PM Narendra Modi tells UK Inc it is wiser to be in India today
Assuring a transparent, predictable and an easy policy environment for doing businesses in India, Prime Minister Narendra Modi told Britain's corporate leaders here that it was wiser today to be in India today, with endorsements no less from institutions such as the World Bank, the International Monetary fund and the World Economic Forum
London: Assuring a transparent, predictable and an easy policy environment for doing businesses in India, Prime Minister Narendra Modi told Britain's corporate leaders here that it was wiser today to be in India today, with endorsements no less from institutions such as the World Bank, the International Monetary fund and the World Economic Forum.
Addressing the Indo-UK Business meeting at the 15th Century Guildhall, home to the City of London Corporation, the prime minister also sought to allay all such apprehensions of the global investment community over India's tax regime and other issues and said they all had his personal attention to address any matter that may cause concern.
"There were a number of regulatory and taxation issues which were adversely impacting on the sentiments of foreign investors. We have taken very decisive steps to remove a number of long pending concerns," the prime minister said in his address, listing a host of areas where some concrete action has been taken since his government took over in May last year.
"We want to make sure our tax regime is transparent and predictable. We are also keen to see genuine investors and honest tax payers get quick, fair decisions on tax matters," said the prime minister, adding this led to India being ranked Number One investment destination by Ernst and Young and top country for growth and innovation by Frost and Sullivan, among others.
"Necessary conditions for take-off of the Indian economy have been created. Never before, India was so well prepared to absorb talent, technology and investment from outside. I can assure you that it will get better and better in the coming days. We will be open to welcome your ideas, innovations and enterprises."
Modi also backed his speech with some solid numbers on the Indian economy. Against the backdrop of global slowdown, he said, the World Bank had recently projected India's growth at 7.5 percent for this fiscal and even better in the coming years, even as the International Monetary Fund saw the country as a "bright spot" of the global economy.
He also listed some specific examples of how the investment climate had been made better, some just before he arrived here -- 100-percent foreign equity is now allowed in railways, the cap has been raised to 49 percent in defence and insurance and major policy changes have been carried out in 15 sectors ranging from the process of approvals to removing conditions.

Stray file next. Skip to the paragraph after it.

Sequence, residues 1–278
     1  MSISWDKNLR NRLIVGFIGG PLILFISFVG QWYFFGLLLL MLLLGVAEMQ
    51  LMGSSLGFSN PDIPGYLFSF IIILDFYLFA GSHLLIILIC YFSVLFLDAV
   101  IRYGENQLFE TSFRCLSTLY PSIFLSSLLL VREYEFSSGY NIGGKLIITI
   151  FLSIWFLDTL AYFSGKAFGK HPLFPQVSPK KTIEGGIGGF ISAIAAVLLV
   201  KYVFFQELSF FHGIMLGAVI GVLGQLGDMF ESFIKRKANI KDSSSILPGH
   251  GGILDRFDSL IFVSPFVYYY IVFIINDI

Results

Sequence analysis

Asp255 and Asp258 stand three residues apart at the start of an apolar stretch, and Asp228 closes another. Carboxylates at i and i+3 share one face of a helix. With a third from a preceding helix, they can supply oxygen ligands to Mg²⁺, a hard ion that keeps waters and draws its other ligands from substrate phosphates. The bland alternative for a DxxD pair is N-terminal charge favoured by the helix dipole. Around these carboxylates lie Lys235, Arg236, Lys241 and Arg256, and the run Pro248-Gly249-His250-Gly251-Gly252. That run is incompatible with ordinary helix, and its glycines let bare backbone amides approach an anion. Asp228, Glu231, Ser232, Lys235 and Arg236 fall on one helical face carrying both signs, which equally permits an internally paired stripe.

"With this round of reforms, I can say that India is among the most open countries for foreign investments," he said at the historic landmark known for playing host to glittering banquets and receptions for visiting heads of state and governments, royal occasions and historical anniversaries.
Among India's challenges, he listed infrastructure on the the top and said his government was keen on a futuristic model on this area by allocating more resources through self-imposed discipline in financial management. "We are also setting up an India Investment and Infrastructure Fund," he said and specified the targeted mop-up at $3.5 billion annually.
"We have also come up with tax free infrastructure bonds for projects in rail, road and other sectors. We will work together with the British government, industry and the financial markets to deepen our relationship and harness their interest in India's infrastructure . Very soon, these bonds will become strong instruments for engagement between our financial markets."
The prime minister also gave a glimpse into some of his pet projects -- "Make in India", "Digital India" and "Skill India" and "Start-up India" -- and said every effort was towards making India an easy and simple place to do business in, as also to improving the lives of ordinary citizens.
"Many of you belong to India. Many of you are in India already. But for those who are not there, I must say that: At this point of time, it is wiser to be in India. Further, we are making it easier to invest in India."
Earlier in the day, India and Britain signed a civil nuclear agreement following delegation-level talks between the two sides. After this, Modi addressed a joint session of the British parliament, becoming the first Indian prime minister to do so.